Argentina on Thursday became one of just a handful of Latin American countries to allow elective abortion, as neighboring Chile initiated its own debate on decriminalizing a procedure denied to most women on the continent. President Alberto Fernandez signed a law that allows abortion until 14 weeks of pregnancy that was passed by the Senate on December 30.
Brazil’s far-right President Jair Bolsonaro criticized a decision by Argentina’s Senate on Wednesday that gave women the right to decide on abortion. In a post on Twitter, the evangelical head of government said he deeply regrets the lives of Argentine children,” saying they are now exposed to being cut from their mothers’ wombs with the consent of the State.”
Argentina's Senate voted to legalize elective abortion early Wednesday, marking a historic political shift in the heavily Catholic country and larger region.
The Argentine Senate will on Tuesday debate a Bill that, if it passes into law, would make the country by far the largest in Latin America to legalize abortion. The proposed legislation would allow women to terminate pregnancies up until the 14th week. Currently, abortion is allowed only in cases of rape and when there is a threat to the life of the mother.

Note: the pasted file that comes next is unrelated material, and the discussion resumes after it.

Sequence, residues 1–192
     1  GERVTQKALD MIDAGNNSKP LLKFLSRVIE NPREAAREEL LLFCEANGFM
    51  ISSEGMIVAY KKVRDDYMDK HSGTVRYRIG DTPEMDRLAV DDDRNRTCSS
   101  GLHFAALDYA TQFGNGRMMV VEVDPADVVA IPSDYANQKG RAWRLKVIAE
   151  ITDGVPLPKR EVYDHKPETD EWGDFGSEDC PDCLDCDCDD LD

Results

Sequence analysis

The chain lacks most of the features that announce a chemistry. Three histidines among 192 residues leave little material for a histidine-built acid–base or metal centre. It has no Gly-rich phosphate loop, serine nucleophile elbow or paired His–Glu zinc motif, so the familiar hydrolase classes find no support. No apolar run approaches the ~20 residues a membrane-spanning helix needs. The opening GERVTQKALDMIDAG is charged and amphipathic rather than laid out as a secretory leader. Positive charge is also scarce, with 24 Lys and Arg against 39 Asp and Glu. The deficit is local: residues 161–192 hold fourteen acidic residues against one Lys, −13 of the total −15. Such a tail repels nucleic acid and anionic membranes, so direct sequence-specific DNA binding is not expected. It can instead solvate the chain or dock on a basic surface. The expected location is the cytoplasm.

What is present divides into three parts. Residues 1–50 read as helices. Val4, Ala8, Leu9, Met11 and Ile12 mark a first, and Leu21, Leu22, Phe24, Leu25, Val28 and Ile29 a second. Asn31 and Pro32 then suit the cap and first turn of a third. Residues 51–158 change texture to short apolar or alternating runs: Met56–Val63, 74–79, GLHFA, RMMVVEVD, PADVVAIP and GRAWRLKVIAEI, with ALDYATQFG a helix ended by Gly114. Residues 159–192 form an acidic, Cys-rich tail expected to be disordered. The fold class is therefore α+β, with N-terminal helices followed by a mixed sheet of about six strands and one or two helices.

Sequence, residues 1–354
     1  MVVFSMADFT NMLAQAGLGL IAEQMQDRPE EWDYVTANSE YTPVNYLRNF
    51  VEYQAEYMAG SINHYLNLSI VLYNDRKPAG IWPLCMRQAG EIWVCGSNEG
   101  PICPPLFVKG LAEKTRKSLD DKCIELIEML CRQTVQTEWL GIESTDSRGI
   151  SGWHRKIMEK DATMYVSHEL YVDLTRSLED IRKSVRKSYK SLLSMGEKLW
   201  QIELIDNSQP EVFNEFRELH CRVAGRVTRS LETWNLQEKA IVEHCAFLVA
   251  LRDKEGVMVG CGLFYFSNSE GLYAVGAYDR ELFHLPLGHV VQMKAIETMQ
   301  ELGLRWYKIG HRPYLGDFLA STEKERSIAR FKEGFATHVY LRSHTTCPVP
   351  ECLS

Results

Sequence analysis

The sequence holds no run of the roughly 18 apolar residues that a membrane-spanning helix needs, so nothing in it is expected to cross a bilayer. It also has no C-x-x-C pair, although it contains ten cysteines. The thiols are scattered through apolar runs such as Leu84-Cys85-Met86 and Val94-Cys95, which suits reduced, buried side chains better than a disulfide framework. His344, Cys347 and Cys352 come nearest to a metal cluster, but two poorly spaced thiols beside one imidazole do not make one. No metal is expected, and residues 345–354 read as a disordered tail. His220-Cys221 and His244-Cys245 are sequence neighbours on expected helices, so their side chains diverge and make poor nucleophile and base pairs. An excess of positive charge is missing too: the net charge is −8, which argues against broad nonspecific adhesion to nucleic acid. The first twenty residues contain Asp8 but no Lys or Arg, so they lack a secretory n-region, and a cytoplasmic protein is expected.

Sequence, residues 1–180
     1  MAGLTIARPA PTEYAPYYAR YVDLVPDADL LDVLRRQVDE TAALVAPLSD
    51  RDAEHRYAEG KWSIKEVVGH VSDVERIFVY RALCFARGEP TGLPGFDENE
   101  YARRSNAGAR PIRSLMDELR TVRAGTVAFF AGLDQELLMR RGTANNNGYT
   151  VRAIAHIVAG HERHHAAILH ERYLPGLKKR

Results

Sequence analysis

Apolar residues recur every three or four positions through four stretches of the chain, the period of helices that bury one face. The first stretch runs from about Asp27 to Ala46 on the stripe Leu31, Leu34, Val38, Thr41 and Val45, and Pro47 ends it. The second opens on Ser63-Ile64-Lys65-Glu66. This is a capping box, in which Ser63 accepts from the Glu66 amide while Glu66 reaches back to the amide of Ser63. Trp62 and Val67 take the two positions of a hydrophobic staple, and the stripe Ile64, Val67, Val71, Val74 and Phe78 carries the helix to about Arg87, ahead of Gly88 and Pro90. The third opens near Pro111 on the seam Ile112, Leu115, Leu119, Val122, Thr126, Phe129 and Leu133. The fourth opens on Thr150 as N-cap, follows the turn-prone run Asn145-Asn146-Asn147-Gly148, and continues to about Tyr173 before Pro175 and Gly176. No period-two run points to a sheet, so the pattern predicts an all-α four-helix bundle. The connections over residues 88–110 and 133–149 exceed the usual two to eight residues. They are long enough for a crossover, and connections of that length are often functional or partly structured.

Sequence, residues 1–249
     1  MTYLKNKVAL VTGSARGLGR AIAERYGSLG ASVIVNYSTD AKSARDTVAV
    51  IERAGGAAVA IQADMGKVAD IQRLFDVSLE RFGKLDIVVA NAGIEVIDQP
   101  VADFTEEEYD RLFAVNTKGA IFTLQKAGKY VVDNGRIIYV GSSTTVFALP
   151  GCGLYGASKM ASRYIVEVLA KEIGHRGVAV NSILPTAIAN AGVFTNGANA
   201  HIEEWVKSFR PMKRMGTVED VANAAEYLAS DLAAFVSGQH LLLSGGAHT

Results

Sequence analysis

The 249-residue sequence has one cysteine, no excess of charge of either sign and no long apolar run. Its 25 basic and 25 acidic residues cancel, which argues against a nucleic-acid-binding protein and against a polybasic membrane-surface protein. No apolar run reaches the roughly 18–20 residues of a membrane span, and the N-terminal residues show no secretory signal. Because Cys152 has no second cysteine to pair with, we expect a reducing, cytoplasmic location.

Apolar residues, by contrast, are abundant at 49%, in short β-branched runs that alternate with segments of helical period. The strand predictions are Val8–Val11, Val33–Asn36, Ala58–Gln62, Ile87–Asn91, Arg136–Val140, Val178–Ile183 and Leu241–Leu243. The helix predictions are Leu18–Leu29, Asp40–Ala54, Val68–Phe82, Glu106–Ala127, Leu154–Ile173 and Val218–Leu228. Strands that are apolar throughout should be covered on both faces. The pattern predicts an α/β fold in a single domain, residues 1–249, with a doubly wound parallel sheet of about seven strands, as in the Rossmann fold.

The president of the Argentine bishops’ conference called on lawmakers to “reflect” as they prepare to debate a bill that would legalize abortion in the South American country.
Argentina’s lower house of Congress approved a bill to legalize abortion in the early hours of Friday morning, a big step forward for the legislation that could set the tone for a wider shift in conservative Latin America.
Thousands of protesters in cities around the world have gathered over the past days in support of Poles who have taken to the streets after a court ruling further limited the country's restrictive abortion laws.
The Catholic Church, some lawmakers, and the pro-life lobbies are ready for a major battle when the current Argentine government is expected to send a bill to legalize abortion. This follows statements from president Alberto Fernandez pledging to the green scarves movement, who strongly support the initiative that the long-delayed bill will be taken up for consideration soon.
Thousands of women, many sporting the green scarves that have become the symbol of Argentina's abortion rights movement, rallied in Buenos Aires and other cities on Wednesday to campaign for a new bill to legalize abortion.
The verdict in a retrial of a Salvadoran woman convicted of aggravated homicide after a stillbirth is expected on Monday, the woman's lawyer said on Friday, in a closely watched case that could overturn a 30-year prison sentence.